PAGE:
As I’ve reconnected with old friends, good friends, and intermittent friends a few have said to me in hushed tones “I think I had depression.” Actually, it’s usually, “I think I had a bit of depression.” A bit of depression. It seems like people feel the need to diminish their pain and brush it away. You don’t say you have a bit of a broken leg, do you? Or a bit of malaria? You’re ill. Something is stopping you function as normal, so you get help. You get a cast, or a tablet or a cream that stops it burning when you pee… Why are we afraid to say we need counseling? So here’s my confession: I’ve had mental health therapy for cancer.

To the best of my knowledge, I don’t have (and never have had depression) but I have felt so overwhelmed that I’ve cried on the bathroom floor while my daughter eats her breakfast in the next room. I have tried to say “I’m fine,” genuinely believing it, and wept instead. I have struggled to find the energy to reply to text messages from friends asking me how I am. At times, I have been that person crying quietly on the tube. I recently had to hang up on the phone to the bank because the instructions to reset my banking passwords were too overwhelming (sorry Gary, from First Direct. It’s not you, it’s really me).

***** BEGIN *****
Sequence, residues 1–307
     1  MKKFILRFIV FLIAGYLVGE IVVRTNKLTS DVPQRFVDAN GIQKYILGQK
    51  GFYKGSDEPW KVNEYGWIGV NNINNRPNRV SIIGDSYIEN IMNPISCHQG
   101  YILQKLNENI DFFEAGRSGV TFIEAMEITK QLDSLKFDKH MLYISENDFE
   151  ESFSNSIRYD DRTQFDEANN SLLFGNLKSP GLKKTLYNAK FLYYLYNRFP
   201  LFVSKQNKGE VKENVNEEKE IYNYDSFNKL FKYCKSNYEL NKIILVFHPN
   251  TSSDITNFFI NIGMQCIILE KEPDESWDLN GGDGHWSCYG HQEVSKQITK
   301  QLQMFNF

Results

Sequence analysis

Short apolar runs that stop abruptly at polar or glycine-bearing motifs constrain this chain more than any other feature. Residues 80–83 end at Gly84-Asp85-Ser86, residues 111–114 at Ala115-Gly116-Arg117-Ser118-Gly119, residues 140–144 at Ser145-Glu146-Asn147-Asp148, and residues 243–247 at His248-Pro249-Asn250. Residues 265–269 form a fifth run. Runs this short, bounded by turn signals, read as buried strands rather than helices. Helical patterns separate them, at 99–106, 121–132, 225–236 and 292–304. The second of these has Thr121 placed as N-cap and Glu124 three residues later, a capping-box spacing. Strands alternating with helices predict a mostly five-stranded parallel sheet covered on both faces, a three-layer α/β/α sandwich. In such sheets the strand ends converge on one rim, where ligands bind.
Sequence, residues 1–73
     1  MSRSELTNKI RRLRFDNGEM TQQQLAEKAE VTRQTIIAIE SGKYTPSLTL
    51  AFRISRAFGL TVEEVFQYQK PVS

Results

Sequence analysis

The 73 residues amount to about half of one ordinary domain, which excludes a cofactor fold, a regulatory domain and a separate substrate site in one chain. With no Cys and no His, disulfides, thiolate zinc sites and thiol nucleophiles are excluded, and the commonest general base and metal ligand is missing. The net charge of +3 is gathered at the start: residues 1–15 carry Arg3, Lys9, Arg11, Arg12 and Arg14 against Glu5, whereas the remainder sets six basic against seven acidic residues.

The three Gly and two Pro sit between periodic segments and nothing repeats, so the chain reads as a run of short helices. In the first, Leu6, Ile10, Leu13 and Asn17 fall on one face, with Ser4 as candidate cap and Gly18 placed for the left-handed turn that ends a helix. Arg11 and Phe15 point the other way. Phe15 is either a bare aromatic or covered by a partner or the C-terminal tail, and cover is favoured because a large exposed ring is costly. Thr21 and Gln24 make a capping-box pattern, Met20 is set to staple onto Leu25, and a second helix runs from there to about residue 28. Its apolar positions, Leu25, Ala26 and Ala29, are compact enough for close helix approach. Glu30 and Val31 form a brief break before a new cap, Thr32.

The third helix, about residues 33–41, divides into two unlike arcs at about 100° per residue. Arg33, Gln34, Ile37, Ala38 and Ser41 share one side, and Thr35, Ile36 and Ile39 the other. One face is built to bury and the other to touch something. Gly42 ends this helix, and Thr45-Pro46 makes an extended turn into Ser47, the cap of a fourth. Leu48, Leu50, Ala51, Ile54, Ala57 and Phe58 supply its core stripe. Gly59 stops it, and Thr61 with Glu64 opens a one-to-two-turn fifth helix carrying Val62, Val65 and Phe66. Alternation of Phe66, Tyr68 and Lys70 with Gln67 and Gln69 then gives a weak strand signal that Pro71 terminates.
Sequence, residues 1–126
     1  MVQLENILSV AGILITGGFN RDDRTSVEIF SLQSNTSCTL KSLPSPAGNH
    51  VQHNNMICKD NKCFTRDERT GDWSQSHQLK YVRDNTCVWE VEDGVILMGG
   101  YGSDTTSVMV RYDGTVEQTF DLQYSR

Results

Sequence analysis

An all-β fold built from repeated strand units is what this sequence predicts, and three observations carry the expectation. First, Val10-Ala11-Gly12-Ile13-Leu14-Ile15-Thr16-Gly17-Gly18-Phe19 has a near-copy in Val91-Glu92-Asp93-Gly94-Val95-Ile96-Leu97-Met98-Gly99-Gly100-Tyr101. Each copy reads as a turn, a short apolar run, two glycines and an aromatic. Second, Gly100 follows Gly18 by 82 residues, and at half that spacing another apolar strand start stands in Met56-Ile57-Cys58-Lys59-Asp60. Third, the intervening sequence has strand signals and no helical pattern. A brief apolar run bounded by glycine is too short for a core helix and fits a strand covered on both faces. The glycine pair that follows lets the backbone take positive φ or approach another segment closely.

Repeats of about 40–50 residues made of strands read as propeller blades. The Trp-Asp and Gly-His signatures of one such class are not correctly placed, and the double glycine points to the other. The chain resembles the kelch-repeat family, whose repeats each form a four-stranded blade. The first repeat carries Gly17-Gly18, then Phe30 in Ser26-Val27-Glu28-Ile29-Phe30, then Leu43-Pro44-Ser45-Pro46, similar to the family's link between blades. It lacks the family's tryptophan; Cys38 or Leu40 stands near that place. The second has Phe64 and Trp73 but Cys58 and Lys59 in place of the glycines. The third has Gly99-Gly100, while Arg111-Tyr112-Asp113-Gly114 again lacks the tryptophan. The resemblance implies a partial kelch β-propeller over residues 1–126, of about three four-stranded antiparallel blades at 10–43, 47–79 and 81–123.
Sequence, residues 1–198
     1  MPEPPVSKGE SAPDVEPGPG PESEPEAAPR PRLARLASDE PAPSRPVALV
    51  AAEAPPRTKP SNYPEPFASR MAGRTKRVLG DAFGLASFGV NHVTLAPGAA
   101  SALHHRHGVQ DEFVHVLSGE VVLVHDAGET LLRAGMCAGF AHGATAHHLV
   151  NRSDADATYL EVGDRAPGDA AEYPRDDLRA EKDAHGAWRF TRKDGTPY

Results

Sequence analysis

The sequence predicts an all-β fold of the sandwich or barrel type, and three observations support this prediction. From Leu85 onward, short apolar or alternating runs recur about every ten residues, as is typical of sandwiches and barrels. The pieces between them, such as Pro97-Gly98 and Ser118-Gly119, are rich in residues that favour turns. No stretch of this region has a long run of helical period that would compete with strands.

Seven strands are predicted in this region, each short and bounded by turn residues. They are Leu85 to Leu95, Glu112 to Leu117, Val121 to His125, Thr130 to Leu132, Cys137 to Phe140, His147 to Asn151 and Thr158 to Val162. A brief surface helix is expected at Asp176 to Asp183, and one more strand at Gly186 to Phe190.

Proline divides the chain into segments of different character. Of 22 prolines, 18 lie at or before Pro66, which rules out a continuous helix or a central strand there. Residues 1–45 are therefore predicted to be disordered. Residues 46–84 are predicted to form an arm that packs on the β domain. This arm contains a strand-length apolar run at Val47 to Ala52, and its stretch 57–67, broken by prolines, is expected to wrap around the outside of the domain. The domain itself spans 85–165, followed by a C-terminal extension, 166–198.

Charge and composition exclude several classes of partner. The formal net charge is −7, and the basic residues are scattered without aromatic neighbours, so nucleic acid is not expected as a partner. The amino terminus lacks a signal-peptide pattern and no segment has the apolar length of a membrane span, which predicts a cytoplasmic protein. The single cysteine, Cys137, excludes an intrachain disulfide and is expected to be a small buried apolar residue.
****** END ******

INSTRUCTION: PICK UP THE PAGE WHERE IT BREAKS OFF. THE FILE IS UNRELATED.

“You don't say you have a bit of a broken leg, do you? So why say you have a bit of depression”

I am mostly fine until I am not

I am lucky to have been offered some free therapy from a local cancer charity. But it’s taken me over a year to do anything about it. I didn’t have time. Or so I said. Between doctors and oncologists and allergists and nurseries and radiotherapy and work, I just didn’t see how I could justify more hours devoted to myself that wasn’t feeding and clothing myself and my daughter, and spending time with my husband. Because I was mostly, totally fine. Absolutely fine. Until you find yourself crying at a TV movie about robots (and not Wall-E, the crap one with Ewan McGregor). I used to find that writing helped. But then people started reading and liking my writing online, and I had to stop for a while. I convinced myself I wasn’t very good and people would soon realize. I still feel like that most days.